Vanilla is a product of Lussumo:Documentation and Support.
121 to 140 of 249
Things start to get complicated when you consider their life cycle. Let's start with a feeding animal living on a lobster's mouthparts: this individual – it's hard to assign a sex – can then produce one of three kinds of offspring: a "Pandora" larva, a "Prometheus" larva or a female.The Pandora larva develops into another feeding adult – a straightforward case of asexual reproduction. By contrast, the female remains inside the adult and awaits a male – but, attentive readers will be crying, what male?The answer lies in the Prometheus larva. This attaches itself to another feeding adult, then produces two or three males from within itself. These dwarf males, which are even more internally complex than the other stages, seek out the females and fertilise them – though the details are unknown.Once the female has been fertilised, she leaves the adult's body and hunkers down in a sheltered region of the lobster's mouthparts. Her body, no longer needed, turns into a hard cyst. Inside this, a fertilised egg develops into yet another stage: the chordoid larva.In due course this larva hatches and swims off to colonise another lobster. Once it has attached itself to one, it develops into another adult and the cycle begins again.
...Linnaeus's two-toed sloths Choloepus didactylus at the Estación Biológica Quebrada Blanco in north-eastern Peru have developed the delightful habit of climbing into an outdoor latrine building, seeking out the latrine contents AND EATING THEM ...
At just 1 millimetre long, the wasp Copidosoma floridanum hardly looks like it's the source of a devastating clone army that devours its victims from the inside out. The army can only manage this because it employs self-sacrificing child soldiers – having no prospect of growing to adulthood, they sacrifice themselves to protect their siblings.This epic battle takes place inside a caterpillar called the cabbage looper, an agricultural pest that lays its eggs one at a time on the surfaces of leaves. Once laid the egg is vulnerable – if found by a female Copidosoma she will lay one or two eggs in it.One egg might not sound so bad, but this is no ordinary egg. It is polyembryonic, meaning that the single embryo cell at its heart can repeatedly clone itself. As a result, just one egg can produce up to 2000 offspring....Once the host embryo develops into a caterpillar, the Copidosoma clones form an army. Yet the clones are not identical. Instead they are divided into castes, just like bees in a hive.The most common caste of larvae is essentially maggots. They feed by drinking the host caterpillar's blood and, all being well, eventually emerge and become adult wasps. They are called reproductive larvae and there could be 1000 in a single caterpillar.The second caste is the precocious larvae. These develop earlier than the reproductive larvae – hence their name – and they look quite different, with a thinner body and larger mandibles. They have no sex cells and will never become adults or reproduce. These are the child soldiers.Copidosoma larvae may well find themselves sharing the caterpillar's body with competing parasites laid by another species of wasp. The precocious larvae are there to kill these competitors, and are produced in greater numbers if competitors are detected.This turns out to be a pretty effective way of dealing with competing species, but the precocious larvae face other threats too. If more than one Copidosoma egg is laid in the same host, the two armies go to war.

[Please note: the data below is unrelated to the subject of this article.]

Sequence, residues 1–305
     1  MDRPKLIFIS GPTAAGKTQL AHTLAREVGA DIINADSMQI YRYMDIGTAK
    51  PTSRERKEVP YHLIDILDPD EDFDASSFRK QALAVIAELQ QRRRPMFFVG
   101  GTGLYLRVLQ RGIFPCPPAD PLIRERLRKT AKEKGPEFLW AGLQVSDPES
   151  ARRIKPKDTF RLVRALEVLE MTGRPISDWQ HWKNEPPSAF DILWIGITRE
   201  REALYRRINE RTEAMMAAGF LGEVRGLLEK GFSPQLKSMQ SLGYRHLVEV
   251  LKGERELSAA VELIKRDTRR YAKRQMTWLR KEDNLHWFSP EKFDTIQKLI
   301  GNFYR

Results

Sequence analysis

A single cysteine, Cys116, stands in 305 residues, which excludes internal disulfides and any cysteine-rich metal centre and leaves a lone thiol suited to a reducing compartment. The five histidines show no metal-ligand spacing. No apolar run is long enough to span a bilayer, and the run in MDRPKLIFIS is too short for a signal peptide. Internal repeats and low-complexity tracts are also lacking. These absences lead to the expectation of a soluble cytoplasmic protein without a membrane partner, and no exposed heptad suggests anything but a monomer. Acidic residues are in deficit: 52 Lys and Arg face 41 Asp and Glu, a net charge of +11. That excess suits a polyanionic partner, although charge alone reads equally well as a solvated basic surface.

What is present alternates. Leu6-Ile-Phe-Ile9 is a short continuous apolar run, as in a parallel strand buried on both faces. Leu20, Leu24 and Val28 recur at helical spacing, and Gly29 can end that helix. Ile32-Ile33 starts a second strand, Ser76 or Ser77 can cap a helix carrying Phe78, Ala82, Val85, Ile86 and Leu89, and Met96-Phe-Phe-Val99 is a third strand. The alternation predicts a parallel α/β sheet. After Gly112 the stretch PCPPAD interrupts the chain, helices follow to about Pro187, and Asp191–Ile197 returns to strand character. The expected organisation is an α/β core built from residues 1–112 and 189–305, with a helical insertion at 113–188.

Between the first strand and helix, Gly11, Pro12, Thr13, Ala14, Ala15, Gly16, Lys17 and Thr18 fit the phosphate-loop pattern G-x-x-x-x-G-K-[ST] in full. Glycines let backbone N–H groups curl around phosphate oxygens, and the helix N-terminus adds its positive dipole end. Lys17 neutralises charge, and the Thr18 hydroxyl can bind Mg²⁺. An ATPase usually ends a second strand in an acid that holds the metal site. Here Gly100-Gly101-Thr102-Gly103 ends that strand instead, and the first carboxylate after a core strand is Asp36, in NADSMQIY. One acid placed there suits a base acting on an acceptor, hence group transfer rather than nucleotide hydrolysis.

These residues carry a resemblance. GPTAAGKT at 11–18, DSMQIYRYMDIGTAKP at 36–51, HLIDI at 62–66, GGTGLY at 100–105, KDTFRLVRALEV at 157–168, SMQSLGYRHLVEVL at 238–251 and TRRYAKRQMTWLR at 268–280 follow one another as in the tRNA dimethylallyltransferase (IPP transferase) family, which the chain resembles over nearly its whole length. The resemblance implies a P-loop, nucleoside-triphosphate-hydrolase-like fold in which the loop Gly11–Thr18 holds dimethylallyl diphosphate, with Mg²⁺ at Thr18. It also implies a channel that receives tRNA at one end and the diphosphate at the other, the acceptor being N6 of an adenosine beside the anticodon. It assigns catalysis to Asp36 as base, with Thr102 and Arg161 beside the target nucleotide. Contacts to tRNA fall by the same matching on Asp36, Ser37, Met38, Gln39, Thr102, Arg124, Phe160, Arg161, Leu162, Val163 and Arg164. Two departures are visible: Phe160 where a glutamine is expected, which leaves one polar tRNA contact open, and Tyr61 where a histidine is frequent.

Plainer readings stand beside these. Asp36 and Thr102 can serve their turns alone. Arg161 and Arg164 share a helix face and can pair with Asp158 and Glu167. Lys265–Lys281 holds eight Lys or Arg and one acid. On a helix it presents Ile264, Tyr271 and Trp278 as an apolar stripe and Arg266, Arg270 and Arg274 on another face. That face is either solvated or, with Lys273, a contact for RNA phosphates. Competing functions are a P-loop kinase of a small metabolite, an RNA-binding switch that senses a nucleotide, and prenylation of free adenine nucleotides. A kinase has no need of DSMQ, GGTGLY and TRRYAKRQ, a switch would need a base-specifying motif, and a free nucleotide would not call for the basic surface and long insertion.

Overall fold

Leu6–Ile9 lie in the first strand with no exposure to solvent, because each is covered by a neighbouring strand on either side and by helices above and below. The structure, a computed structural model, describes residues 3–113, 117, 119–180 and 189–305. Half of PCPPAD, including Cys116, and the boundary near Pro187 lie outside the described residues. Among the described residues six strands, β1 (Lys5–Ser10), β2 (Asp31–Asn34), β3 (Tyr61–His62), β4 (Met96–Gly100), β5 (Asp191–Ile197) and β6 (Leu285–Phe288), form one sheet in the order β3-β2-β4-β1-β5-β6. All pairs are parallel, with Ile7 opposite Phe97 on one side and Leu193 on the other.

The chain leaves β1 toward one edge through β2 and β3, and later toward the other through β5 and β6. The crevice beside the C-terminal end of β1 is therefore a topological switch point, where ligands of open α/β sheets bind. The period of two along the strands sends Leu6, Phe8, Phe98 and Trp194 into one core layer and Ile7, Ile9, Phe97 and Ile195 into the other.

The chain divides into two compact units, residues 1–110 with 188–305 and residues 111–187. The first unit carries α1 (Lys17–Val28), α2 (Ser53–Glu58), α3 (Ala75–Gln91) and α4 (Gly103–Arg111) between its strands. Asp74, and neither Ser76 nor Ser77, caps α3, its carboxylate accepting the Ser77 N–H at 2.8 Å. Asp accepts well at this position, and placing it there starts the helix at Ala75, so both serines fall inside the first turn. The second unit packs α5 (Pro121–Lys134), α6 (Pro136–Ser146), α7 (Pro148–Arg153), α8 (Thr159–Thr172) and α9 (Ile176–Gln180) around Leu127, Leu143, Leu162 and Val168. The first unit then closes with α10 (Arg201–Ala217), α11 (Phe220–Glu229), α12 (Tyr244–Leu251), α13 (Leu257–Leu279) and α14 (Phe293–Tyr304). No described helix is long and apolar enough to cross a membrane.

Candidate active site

Shaped like flying saucers, both males and females of the new jellyfish have gonads on the outsides of their bodies, unlike any of the approximately 3,000 other jellyfish species known to science .Gonads are the reproductive glands that produce sperm in males and eggs in females.Arranged in a "crater" at the center of the jellyfish's top side, the gonads, upon close inspection, resemble "skyscrapers in a downtown business district," said Lisa-Ann Gershwin, curator of zoology at the Queen Victoria Museum and Art Gallery in Launceston, Australia.
September 22, 2009—California has a new star, the Eastern Pacific black ghostshark.But the newly identified species prefers to stay out of the sun—and the spotlight. And with a club-like sex organ on its forehead, the male ghostshark isn't likely to get any leading man roles.